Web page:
The thousand volunteers attacked the Sicilians and overwhelmed them. With the aid of local insurrectionists, Garibaldi began parading north often giving speeches pertaining to the unification of Italy. Cavour hated Garibaldi and actively called him incapable. However, they two enemies never fought because Cavour arranged a meeting for his king and Garibaldi where they agreed to coexistence. Many months later, the Italian Parliament named Victor Emmanuel II the king of Italy. This united Italy and made its government lead by one constitutional monarch.

A few years later, problems started arising and Cavour died. Vinetia and the Papal states, the only two lands that had not been unified, were taken over by Italy. As a concession to the Pope, Rome was made the national capital of Italy.

The movement of the capital of Italy to Rome was a victorious event for Italian nationalists. However there were still many problems to overcome including rivalries between the different provinces. Italy still lacked strong, national leadership because Cavour had died before true unity was achieved. Garibaldi tried to make up for the lack of leadership but didn t succeed in being a leader. Italy also faced tremendous economic problems that were the direct result of trying to unify formally independent states. The country experiences peasant revolts, strikes, and riots. One significant result of Italy s problems was substantial immigration to other areas of the world.

The person most responsible for the unification of Germany was Otto Von Bismarck. Bismarck united Germany by blood and iron . In 1864, Bismarck took the first step to increase Prussian power. He won a significant war against Denmark which Prussia two strategically located border provinces. In 1866, Bismarck provoked a war between Austria and Prussia. This insurrection was known as the Seven Weeks War. Prussia totally demolished and humiliated Austria. Consequently, Austria was forced to withdraw from the German confederation. Austria tried to regroup and regain power but to no avail. Because of Austria’s defeat, the country was in disarray and faced tremendous dissatisfaction of all the nationalities the country controlled.

In 1867 Austria and Hungary agreed to a dual monarchy. The dual monarchy consisted of two independent but equal states lead by one ruler. By 1867, only a few southern German states remained independent. Bismarck, still seeking to unify his country, once again instigated war. He provoked war with France to gain the support of the Christians. He felt that the only way to gain the support of Christians was to have another nation threaten them.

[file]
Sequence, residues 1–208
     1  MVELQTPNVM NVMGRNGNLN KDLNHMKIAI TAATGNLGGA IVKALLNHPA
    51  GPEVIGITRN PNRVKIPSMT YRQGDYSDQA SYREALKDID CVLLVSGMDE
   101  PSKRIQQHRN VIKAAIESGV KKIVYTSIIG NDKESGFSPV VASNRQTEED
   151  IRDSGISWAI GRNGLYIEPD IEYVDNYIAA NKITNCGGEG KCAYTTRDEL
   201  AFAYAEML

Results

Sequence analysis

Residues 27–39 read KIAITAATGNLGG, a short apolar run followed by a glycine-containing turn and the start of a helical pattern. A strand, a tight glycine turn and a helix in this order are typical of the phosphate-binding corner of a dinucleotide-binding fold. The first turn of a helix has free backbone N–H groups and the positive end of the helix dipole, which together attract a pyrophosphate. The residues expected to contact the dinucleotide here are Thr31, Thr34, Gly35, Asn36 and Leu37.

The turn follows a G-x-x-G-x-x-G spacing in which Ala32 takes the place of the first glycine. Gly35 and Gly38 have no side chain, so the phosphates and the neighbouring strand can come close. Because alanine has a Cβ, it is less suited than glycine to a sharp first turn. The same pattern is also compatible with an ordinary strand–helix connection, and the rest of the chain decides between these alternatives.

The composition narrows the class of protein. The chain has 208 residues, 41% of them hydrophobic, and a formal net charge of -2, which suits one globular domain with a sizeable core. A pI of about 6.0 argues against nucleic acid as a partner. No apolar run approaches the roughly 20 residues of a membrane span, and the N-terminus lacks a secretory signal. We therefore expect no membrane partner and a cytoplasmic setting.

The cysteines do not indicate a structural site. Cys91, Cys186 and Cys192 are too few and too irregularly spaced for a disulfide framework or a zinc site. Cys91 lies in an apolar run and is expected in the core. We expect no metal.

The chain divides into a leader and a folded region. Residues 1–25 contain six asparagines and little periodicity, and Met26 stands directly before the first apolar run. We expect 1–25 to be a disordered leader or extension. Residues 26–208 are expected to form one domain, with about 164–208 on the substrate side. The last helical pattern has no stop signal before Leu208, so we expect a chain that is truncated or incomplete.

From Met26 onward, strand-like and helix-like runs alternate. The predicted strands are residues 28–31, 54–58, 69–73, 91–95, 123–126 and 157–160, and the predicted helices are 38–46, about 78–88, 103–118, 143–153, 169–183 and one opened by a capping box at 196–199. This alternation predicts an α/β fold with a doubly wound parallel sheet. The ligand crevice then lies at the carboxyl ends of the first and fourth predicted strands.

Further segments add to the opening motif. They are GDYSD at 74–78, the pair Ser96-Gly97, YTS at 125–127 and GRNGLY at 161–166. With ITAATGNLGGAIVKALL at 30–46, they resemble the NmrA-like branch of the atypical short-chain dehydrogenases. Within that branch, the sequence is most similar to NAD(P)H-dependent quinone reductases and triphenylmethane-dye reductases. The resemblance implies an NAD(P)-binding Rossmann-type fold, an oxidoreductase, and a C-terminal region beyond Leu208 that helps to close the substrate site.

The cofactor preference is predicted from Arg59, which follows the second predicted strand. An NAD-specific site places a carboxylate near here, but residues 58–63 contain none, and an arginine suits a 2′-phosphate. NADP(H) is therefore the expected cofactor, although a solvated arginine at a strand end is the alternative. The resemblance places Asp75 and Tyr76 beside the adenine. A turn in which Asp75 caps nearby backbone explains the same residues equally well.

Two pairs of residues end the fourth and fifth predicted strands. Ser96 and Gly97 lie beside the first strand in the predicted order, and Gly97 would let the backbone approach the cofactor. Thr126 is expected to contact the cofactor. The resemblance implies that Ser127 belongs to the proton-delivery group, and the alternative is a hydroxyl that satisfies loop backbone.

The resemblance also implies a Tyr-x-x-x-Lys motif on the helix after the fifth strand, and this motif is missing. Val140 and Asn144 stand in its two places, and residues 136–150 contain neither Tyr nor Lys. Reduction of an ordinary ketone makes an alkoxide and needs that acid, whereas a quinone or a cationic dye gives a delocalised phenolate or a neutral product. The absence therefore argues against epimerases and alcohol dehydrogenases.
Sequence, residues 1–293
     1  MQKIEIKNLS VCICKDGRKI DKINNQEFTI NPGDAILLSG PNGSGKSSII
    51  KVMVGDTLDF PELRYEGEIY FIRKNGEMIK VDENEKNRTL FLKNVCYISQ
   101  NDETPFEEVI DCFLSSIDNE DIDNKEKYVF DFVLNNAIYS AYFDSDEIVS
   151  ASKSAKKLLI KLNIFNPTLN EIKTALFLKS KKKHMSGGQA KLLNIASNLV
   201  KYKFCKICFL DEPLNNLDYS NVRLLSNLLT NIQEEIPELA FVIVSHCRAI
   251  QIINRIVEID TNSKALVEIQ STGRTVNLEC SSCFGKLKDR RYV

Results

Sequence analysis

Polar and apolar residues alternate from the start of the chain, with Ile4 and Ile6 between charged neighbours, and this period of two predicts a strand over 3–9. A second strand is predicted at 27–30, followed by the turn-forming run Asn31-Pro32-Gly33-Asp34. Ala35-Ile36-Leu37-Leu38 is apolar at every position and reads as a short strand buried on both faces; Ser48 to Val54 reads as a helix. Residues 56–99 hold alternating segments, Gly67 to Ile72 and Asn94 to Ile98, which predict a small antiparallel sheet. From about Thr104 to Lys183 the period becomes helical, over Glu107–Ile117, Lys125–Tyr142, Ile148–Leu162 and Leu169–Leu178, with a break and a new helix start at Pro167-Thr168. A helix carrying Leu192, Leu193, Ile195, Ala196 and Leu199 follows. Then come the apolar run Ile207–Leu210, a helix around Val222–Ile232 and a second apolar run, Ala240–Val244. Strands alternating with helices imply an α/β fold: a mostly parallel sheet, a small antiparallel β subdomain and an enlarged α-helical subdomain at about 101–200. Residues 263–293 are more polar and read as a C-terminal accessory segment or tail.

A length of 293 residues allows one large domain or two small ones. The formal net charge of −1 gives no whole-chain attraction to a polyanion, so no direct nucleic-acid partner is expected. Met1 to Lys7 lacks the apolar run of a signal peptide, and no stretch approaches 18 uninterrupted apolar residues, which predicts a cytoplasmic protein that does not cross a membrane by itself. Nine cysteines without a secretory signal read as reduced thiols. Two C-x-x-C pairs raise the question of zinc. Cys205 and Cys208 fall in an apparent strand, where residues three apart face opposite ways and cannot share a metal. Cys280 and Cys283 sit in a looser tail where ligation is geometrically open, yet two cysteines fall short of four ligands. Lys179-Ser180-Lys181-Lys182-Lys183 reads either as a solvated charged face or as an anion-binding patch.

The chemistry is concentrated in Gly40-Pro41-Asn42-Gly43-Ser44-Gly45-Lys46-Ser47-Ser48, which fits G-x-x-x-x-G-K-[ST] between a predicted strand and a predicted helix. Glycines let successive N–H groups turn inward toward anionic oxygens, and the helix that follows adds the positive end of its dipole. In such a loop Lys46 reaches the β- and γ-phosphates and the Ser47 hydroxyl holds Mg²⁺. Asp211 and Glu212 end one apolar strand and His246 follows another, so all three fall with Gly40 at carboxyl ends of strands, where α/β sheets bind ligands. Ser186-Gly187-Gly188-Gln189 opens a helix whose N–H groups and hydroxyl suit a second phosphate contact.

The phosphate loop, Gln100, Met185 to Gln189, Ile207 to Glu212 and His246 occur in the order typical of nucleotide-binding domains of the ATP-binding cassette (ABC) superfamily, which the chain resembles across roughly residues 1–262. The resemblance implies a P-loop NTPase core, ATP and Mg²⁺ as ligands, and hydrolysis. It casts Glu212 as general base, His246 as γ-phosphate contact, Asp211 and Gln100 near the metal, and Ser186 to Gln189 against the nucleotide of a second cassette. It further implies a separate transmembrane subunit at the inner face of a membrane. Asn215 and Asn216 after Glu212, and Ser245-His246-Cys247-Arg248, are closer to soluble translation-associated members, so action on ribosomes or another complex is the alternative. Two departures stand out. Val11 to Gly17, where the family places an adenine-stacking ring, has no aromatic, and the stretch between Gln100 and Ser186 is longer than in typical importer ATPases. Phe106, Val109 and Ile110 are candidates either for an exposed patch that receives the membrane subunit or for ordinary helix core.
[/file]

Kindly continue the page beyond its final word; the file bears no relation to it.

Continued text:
Napoleon III, in an effort to avoid confrontation with Prussia, gave Bismarck a chance to win southern Germany in 1868. While Germany and France were jockeying for position, Spanish revolutionaries through out Spain s Queen Isabella II and offered her throne to Leopold of Hohenzollern. Leopold was a distant cousin of Prussia s William I. Napoleon III protested because he didn t want his country surrounded by Hohenzollern rulers. Napoleon s hostility caused a great deal of tension and Bismarck, in an attempt to appease him, gave false accounts of conversation between French ambassador and Prussian king which caused a huge public uproar. Citizens of German were outraged that Napoleon III could dictate whom he wished to rule. The public demanded war and Germany complied. The Germans easily defeated Napoleon in the Franco-Prussian War. The defeat of Napoleon III and the rout of France was the final stage in German unification. The German people accepted the unification of the country and Prussian leadership. In 1871 King William I of Prussia was crowned kaiser and thus began the unified and economically powerful country of Germany.

Nationalism was the catalyst that brought about the unification of Italy and Germany. The mid-19th century was a time of great social upheaval in Italy and in Germany. The social order of both countries were under seige and beginning to crumble. New ideologies, changing perspectives, and revolutionary thoughts came to the forefront. People demanded new governments, new leaders, and new politics. They sought to improve their social condition, obtain better education, and increase their standard of living. This social and economic development lead to nationalism and the feeling that each citizen owed his or her supreme loyalty to the nation.